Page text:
The first Monday in October came and went earlier this week. With it the 2017 Supreme Court term began. I have some thoughts. Read on, s’il vous plait.
The Supreme Court exists as an anti-democratic institution, created by and through an anti-democratic Constitution. The people play no direct role in the selection of Supreme Court justices. Only because of the 17th Amendment to the Constitution—ratified 125+ years after the 13 states ratified the Constitution—do we elected directly United States Senators, who provide advice and consent with respect to individuals nominated to serve on the Court. That’s as close as we get to a direct role, for even in electing the president who nominates justices, votes mean more in one state and another because of the Electoral College.
Presently, and for the past 233 days, the Court has had eight justices. The Republican Senate majority has refused to consider President Barack Obama’s nominee, Judge Merrick Garland. Within hours of the announcement that Justice Antonin Scalia had died Senate Majority Leader Mitch McConnell announced: “This vacancy should not be filled until we have a new President.” Now we have “will,” as Leader McConnell controls the Senate calendar.
The Senate majority’s approach is anti-Constitutional, as it has effectively neutered the Supreme Court. Motives and political positions aside, the failure to fill the seat limits the Court’s ability to weigh in on important issues. Take, for example, voting rights. With five weeks to go before the 2016 election, courts have ruled on Kansas, Ohio, North Carolina, North Dakota, Texas, Virginia, and Wisconsin laws. (A.J. Vicens for Mother Jones has an overview for Mother Jones, in Here’s What’s Happening in the Battle for Voting Rights.) As it happens, the rulings tend to find GOP-supported legislation unconstitutional. So, from my particular perspective the outcomes are satisfactory.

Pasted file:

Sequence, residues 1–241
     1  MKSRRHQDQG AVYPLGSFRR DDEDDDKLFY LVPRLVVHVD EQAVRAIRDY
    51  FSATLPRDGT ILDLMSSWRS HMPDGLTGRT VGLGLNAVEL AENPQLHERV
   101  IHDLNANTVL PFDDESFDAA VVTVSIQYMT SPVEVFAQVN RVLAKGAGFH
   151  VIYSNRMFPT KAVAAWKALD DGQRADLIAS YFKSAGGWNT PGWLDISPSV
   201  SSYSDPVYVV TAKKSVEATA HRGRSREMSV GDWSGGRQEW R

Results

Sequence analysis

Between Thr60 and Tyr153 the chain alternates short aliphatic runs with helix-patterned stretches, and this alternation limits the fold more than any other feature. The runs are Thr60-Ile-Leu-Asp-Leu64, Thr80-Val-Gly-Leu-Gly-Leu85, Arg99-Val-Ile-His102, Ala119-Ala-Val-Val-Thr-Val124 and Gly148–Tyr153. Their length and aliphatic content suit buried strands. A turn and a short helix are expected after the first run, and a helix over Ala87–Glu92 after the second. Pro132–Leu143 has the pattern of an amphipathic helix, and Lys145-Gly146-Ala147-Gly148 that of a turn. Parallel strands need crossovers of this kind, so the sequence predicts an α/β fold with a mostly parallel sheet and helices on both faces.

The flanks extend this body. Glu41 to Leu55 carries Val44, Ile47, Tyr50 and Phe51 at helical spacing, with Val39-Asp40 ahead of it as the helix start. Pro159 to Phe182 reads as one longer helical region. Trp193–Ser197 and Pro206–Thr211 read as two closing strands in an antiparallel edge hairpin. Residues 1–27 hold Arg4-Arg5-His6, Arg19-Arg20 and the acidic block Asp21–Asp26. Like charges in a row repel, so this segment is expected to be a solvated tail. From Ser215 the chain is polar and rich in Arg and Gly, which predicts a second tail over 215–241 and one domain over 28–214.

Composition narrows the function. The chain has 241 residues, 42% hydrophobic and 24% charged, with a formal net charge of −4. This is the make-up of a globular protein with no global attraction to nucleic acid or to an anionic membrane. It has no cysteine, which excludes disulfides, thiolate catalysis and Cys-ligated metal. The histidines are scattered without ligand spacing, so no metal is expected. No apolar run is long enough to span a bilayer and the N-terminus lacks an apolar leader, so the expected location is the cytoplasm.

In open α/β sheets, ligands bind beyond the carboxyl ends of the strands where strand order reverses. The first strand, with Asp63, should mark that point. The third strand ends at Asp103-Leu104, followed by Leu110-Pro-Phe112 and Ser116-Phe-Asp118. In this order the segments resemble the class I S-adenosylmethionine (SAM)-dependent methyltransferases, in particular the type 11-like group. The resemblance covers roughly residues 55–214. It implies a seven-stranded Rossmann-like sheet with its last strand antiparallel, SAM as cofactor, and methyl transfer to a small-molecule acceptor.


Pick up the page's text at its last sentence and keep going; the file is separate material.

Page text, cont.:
Notwithstanding my political preferences, the Constitution does not contemplate a situation in which one party can prevent one branch from fulfilling its constitutional functions. Alas, the obstructionist party relies on a faulty, pro-democracy claim. It claims the people should have a right to be heard on November 8, before we act on a matter so important. Of course, the majority’s argument ignores completely the fact that when the people voted on November 6, 2012, they elected the electors who voted for Barack Obama, making him President of the United States until January 20, 2017.
We focused greatly on outcomes when we talk about the Supreme Court. Principles get lost, too often. For sure, the Court managed to deal with several important cases at the end of the 2016 Term. And the Court is hearing cases. (Here’s the SCOTUSblog October Term 2016 list of cases.)
That all said, one side has undermined the core Constitutional purpose of the Court: to serve as a check on the more democratic branches of government. But they use “more democracy” as their stated purpose. “Let the voters decide,” they say. First, democracy and the Court are antithetical for a reason. Second, here’s what Republican Senator Jeff Flake (Ariz.) had to say the other day:
Our position shouldn’t be that the next president ought to decide. Nobody really believes that, because if this were the last year of a Republican presidency nobody would say that.